Relationship Between XML Schemas and Datasets
A typed ADO.NET dataset is a class with an associated XML Schema, as opposed to an untyped dataset that is not a class and has no associated schema. The typed dataset class is derived from a dataset class, which inherits all of the methods, events and properties of a dataset. Additionally, a typed dataset provides strongly typed methods, events, and properties meaning you can access tables and columns by name, instead of iterating through collections. A typed dataset also incorporates table and column names into the statement completion feature of Visual Studio. This facilitates code that is both easier to write as well as read. Additionally, with a typed dataset, type mismatch errors are caught when the code is compiled rather than at run-time.
When a typed dataset is generated at design time, a dataset class and an associated XML Schema is created in your project. XML Schemas define and validate the data being imported from XML streams or documents into typed datasets. The XML Schema associated with the dataset can be loading into the XML Designer providing a visual representation of the dataset structure that can be edited and viewed.
Note An untyped ADO.NET dataset is a dataset that does not have an associated XML Schema. Additionally, at design time, datasets do not contain any data. Since an untyped dataset contains no data or structure, XML Schemas cannot be generated from untyped datasets at design time. During run time, once the dataset has been populated with data, an XML Schema based on that data could be generated programmatically.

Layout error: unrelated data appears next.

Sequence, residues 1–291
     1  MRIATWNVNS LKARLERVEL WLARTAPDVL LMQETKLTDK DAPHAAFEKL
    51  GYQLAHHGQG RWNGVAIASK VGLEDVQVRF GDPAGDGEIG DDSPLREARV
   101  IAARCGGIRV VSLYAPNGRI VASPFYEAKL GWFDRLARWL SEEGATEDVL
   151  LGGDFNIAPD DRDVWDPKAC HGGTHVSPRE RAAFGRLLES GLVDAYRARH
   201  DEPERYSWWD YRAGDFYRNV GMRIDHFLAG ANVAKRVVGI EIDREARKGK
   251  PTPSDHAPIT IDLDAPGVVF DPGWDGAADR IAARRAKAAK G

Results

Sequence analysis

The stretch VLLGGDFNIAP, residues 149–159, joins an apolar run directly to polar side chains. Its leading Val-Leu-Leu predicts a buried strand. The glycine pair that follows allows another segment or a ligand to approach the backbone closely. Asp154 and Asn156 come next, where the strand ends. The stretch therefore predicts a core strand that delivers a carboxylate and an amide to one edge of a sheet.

XML Schemas in Visual Studio conform to the specification for schemas published by the World Wide Web Consortium (W3C). Schema elements, whether created to validate XML documents or to define associated dataset classes, are all defined in accordance with the W3C schema specification. In situations where schema syntax is not sufficient to describe certain features of ADO.NET datasets, custom attributes are used to define ADO.NET specific characteristics. While viewing a schema in XML view these custom attributes can be identified with the msdata: qualifier. However, it is important to note that the W3C spec permits custom attributes, which will be ignored by applications that do not process ADO.NET datasets.
|For more reading on||See|
|The relationship between datasets and XML Schemas||Introduction to Data Access with ADO.NET|
|Creating datasets from schemas||Creating ADO.NET Typed Datasets from Schemas|
|.NET Framework reference (syntax and class members)||DataSet Class|
|XML Schemas||XML Schema Reference (XSD)|
Creating XML Schemas and Datasets | Creating XML Schemas and Datasets from Existing Data | Creating New Typed Datasets with the XML Designer | Relational Data in XML Schemas | XML Files | XML Schemas and Data | Introduction to Data Access with ADO.NET | Introduction to Datasets